Church and state---they usually stay out of each others business but when you're cleaning up a neighborhood, you'll take all the help you can get.
â??Weâ??ve all got to work together,â?? says Robert McCathern. The local pastor lead Congressman Dan Kildee through his old neighborhood, hoping he can help clean up the mess left behind by abandoned homes.
â??This is really America's first subdivision. There are certain restrictions in terms of what can be done,â?? says Representative Dan Kildee, a democrat representing Flint.
Civic Parkâ??s historic designation means some homes can't be torn down.
Instead, volunteers put up decorative plywood to keep criminals out.
â??We know it's a band aid on an open sore but we would rather but a band aid then leave the sore open,â?? says McCathern.
â??You see less trash, more homes that are boarded up and less crime. So it's actually getting better,â?? says Sela Gibson who has lived in the neighborhood for 17 years.
Kildee has introduced a $100-million bill that could give Civic Park teens summer jobs cleaning up their own neighborhood while leaders work on the historic designation.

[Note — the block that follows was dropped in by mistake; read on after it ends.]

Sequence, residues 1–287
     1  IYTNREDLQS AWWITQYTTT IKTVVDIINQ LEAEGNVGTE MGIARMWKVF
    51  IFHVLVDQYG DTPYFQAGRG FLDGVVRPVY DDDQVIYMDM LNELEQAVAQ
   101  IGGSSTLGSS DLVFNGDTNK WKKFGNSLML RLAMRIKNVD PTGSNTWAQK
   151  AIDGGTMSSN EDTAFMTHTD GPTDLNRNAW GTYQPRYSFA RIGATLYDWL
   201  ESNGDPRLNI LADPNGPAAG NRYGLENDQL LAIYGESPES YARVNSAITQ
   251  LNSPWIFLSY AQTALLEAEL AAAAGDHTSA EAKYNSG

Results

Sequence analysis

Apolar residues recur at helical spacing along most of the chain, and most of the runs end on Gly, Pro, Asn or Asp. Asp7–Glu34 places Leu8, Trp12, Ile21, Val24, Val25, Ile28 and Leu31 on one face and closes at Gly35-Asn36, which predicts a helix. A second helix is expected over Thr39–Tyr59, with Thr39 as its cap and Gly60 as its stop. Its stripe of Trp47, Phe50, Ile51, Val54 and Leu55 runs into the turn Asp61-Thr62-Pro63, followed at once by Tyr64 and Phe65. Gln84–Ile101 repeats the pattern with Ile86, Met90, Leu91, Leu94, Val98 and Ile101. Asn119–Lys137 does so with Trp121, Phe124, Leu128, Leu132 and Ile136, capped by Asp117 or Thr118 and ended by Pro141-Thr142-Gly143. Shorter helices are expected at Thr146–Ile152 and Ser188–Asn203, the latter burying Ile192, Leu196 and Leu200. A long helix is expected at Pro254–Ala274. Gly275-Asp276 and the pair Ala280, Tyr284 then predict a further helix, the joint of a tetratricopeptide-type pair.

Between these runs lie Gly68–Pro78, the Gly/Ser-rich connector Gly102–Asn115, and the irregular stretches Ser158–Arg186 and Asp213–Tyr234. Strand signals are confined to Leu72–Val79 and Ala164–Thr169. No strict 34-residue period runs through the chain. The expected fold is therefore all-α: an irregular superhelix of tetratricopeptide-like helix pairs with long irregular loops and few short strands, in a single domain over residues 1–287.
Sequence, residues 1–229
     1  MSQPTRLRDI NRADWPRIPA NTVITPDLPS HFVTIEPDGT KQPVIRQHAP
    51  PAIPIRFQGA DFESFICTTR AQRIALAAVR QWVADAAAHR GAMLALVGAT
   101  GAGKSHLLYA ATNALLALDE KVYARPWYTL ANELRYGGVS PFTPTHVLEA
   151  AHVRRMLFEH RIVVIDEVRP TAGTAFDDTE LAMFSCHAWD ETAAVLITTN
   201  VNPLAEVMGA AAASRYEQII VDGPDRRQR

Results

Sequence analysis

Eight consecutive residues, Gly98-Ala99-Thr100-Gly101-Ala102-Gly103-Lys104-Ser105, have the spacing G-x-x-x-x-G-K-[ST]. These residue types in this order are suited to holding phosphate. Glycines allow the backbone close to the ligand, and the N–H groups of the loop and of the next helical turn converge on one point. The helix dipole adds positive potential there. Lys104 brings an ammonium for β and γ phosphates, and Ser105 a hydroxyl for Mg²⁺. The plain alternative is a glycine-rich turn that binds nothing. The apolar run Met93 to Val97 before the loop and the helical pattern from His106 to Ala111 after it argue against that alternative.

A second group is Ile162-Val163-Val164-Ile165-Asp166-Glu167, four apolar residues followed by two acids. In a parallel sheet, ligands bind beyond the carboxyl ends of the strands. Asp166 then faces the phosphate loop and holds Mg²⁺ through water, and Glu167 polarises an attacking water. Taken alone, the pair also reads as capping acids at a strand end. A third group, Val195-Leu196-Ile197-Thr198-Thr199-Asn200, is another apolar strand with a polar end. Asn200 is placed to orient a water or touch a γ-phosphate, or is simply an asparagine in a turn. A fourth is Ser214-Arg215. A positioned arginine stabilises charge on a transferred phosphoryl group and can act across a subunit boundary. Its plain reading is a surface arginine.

â??If there were more jobs and the city could come together, the city could be a better place,â?? says Gibson.
â??The question that the community and the state has to answer is what's the real footprint of the historic neighborhood that can actually be sustained and then can we start cleaning away some of the blight that surrounds that,â?? says Kildee. â??If we can get that done then I think maybe this neighborhood has a fighting chance,â?? he adds.
Neighbors hoping the walk around the neighborhood leads to a more permanent solution.
â??Iâ??m really trying to see a difference in the neighborhood,â?? adds Gibson.
The Genesee County Land Bank has submitted a zoning change request to Michiganâ??s historic preservation office. Theyâ??re hoping to hear back later this month.
Congressman Kildee's bill has been referred to a congressional committee.